- historical event:
- He found it, among other places, in peppers, which are a common dish in Hungary, his country of birth. In 1937 he received the Nobel Prize in Medicine for his research regarding vitamin C.
Renowned scientist and Nobel Prize winner Albert Szent-Györgyi, whose research was of crucial importance for the discovery of vitamin C, died on this day. He had an interesting heritage; namely, he was actually a Hungarian nobleman, and his full name was Albert Szent-Györgyi de Nagyrápolt. His family achieved a title of nobility in 1608, and was linked to the Nagyrápolt estate in Transylvania (today part of Romania). Another famous person popularly linked to that region was Count Dracula, though the historical Count Vlad Tepes was actually the ruler of the neighboring Wallachia.
Albert Szent-Györgyi was born in Budapest in 1893, which was a sort of golden age for the city. Namely, Budapest was at the time one of the world’s metropolises, and one of the two capital cities of Austria-Hungary. Budapest was the first city in continental Europe to acquire a metro system (in 1896, when Albert was 3). For example, New York received a metro only 11 years after Budapest.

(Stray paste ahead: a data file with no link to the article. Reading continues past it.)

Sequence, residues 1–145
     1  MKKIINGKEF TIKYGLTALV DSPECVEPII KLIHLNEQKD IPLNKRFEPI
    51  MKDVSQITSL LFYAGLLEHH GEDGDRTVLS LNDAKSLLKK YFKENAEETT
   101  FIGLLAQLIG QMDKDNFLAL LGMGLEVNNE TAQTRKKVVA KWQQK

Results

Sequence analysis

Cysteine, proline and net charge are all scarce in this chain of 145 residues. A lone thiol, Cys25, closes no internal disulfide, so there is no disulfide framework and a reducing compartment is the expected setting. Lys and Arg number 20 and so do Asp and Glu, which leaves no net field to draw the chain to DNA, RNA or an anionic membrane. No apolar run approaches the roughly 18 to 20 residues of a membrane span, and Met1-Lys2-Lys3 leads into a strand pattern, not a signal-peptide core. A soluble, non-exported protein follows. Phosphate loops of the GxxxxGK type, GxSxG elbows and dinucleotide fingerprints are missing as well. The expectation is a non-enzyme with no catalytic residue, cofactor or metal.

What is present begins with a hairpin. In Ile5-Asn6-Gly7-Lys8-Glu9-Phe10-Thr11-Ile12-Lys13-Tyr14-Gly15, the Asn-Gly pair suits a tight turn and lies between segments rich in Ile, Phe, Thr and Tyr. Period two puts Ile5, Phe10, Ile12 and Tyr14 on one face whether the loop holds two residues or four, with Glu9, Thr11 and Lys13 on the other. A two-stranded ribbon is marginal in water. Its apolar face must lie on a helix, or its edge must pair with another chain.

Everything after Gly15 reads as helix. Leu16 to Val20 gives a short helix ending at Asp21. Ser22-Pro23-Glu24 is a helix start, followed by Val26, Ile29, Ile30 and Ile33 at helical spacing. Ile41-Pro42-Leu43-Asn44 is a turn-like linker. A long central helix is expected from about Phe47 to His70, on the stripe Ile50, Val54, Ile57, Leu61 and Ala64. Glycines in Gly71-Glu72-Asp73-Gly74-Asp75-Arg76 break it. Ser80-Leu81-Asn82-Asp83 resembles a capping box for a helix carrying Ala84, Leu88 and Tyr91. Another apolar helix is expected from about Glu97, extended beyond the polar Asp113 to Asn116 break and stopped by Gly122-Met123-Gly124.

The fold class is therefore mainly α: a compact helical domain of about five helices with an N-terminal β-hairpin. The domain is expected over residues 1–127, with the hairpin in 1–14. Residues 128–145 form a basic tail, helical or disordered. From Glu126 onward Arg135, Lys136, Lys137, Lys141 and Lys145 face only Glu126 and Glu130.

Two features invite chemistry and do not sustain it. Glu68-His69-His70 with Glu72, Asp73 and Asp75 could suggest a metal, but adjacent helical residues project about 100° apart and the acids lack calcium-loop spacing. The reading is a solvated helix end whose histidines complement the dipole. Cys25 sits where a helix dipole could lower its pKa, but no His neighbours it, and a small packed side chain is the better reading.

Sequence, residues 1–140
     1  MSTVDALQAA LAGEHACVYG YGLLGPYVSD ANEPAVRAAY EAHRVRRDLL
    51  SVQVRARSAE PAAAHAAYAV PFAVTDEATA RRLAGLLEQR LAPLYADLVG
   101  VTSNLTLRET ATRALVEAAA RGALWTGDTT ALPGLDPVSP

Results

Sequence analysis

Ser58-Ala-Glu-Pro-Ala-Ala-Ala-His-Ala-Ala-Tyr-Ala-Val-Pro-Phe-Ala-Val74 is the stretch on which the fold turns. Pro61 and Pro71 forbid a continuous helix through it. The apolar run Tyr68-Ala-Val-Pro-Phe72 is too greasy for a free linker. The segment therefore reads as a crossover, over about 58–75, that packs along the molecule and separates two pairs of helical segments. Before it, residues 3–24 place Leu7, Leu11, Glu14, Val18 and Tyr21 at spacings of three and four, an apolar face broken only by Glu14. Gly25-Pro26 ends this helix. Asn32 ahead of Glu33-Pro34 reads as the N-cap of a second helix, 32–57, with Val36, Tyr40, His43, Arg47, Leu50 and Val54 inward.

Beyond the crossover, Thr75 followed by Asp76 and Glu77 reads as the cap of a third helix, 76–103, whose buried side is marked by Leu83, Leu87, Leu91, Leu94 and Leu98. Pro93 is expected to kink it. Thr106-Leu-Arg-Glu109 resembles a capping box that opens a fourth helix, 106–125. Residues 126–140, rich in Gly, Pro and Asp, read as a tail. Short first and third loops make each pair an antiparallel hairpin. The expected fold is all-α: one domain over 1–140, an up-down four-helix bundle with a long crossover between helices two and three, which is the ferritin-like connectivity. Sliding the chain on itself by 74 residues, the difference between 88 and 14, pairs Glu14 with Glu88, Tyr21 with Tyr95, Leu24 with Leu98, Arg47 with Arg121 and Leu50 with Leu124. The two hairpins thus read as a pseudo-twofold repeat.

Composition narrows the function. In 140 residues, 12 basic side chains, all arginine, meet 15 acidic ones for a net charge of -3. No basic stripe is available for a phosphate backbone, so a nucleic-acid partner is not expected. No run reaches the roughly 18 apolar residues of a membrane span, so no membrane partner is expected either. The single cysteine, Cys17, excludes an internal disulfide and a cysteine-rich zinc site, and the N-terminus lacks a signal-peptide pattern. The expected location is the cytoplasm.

At the time of Albert’s birth, Budapest already possessed an electric network, as well as electric street lighting. It was also the center of the world’s milling industry, and its mills produced more flour than that of any city in the world except Minneapolis.
Albert Szent-Györgyi graduated at the Medical Faculty, and completed his PhD studies at Cambridge. As a scientist at the Szeged University, one of the leading universities in Hungary, he managed to isolate vitamin C. In 1937 he received the Nobel Prize in Medicine for his work. Vitamin C had a huge role in the prevention of scurvy, which is a disease directly linked to deficiency in that vitamin. Vitamin C (ascorbic acid) was also the first vitamin which could be artificially synthesized.